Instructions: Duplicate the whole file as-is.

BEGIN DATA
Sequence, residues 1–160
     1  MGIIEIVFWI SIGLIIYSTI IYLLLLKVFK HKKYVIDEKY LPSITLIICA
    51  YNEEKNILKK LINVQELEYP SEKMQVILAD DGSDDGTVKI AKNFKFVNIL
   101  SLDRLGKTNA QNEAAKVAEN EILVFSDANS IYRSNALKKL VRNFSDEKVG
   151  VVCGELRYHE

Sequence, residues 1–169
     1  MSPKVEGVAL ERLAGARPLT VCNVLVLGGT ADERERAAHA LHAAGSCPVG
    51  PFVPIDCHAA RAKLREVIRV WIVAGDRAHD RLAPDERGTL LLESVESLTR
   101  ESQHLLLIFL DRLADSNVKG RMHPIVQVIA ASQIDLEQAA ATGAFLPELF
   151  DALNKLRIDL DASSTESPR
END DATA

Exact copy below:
Sequence, residues 1–160
     1  MGIIEIVFWI SIGLIIYSTI IYLLLLKVFK HKKYVIDEKY LPSITLIICA
    51  YNEEKNILKK LINVQELEYP SEKMQVILAD DGSDDGTVKI AKNFKFVNIL
   101  SLDRLGKTNA QNEAAKVAEN EILVFSDANS IYRSNALKKL VRNFSDEKVG
   151  VVCGELRYHE

Sequence, residues 1–169
     1  MSPKVEGVAL ERLAGARPLT VCNVLVLGGT ADERERAAHA LHAAGSCPVG
    51  PFVPIDCHAA RAKLREVIRV WIVAGDRAHD RLAPDERGTL LLESVESLTR
   101  ESQHLLLIFL DRLADSNVKG RMHPIVQVIA ASQIDLEQAA ATGAFLPELF
   151  DALNKLRIDL DASSTESPR